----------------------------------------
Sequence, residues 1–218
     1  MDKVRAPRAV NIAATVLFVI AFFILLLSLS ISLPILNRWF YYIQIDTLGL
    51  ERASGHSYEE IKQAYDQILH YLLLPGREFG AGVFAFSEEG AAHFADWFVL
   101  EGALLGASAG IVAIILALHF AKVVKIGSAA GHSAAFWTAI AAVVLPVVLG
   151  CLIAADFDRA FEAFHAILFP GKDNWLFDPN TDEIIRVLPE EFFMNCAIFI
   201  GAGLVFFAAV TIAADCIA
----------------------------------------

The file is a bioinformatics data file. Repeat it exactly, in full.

Sequence, residues 1–218
     1  MDKVRAPRAV NIAATVLFVI AFFILLLSLS ISLPILNRWF YYIQIDTLGL
    51  ERASGHSYEE IKQAYDQILH YLLLPGREFG AGVFAFSEEG AAHFADWFVL
   101  EGALLGASAG IVAIILALHF AKVVKIGSAA GHSAAFWTAI AAVVLPVVLG
   151  CLIAADFDRA FEAFHAILFP GKDNWLFDPN TDEIIRVLPE EFFMNCAIFI
   201  GAGLVFFAAV TIAADCIA